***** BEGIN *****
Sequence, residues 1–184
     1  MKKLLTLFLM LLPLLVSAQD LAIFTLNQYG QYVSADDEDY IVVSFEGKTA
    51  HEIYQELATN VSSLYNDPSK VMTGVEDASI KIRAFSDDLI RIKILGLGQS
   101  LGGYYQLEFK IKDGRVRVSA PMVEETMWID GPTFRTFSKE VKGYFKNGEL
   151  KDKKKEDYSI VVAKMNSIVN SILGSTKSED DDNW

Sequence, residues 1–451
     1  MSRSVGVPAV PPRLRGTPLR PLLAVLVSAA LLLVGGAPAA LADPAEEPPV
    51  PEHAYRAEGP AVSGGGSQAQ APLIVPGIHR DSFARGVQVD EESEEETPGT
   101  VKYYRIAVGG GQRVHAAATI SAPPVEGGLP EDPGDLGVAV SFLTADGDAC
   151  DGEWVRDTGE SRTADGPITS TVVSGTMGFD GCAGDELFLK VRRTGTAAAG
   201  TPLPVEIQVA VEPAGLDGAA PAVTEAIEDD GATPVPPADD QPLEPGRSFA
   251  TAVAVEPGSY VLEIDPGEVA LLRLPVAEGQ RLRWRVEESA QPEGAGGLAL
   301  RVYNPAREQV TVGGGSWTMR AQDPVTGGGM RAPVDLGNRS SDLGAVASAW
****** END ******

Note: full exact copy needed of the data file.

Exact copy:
Sequence, residues 1–184
     1  MKKLLTLFLM LLPLLVSAQD LAIFTLNQYG QYVSADDEDY IVVSFEGKTA
    51  HEIYQELATN VSSLYNDPSK VMTGVEDASI KIRAFSDDLI RIKILGLGQS
   101  LGGYYQLEFK IKDGRVRVSA PMVEETMWID GPTFRTFSKE VKGYFKNGEL
   151  KDKKKEDYSI VVAKMNSIVN SILGSTKSED DDNW

Sequence, residues 1–451
     1  MSRSVGVPAV PPRLRGTPLR PLLAVLVSAA LLLVGGAPAA LADPAEEPPV
    51  PEHAYRAEGP AVSGGGSQAQ APLIVPGIHR DSFARGVQVD EESEEETPGT
   101  VKYYRIAVGG GQRVHAAATI SAPPVEGGLP EDPGDLGVAV SFLTADGDAC
   151  DGEWVRDTGE SRTADGPITS TVVSGTMGFD GCAGDELFLK VRRTGTAAAG
   201  TPLPVEIQVA VEPAGLDGAA PAVTEAIEDD GATPVPPADD QPLEPGRSFA
   251  TAVAVEPGSY VLEIDPGEVA LLRLPVAEGQ RLRWRVEESA QPEGAGGLAL
   301  RVYNPAREQV TVGGGSWTMR AQDPVTGGGM RAPVDLGNRS SDLGAVASAW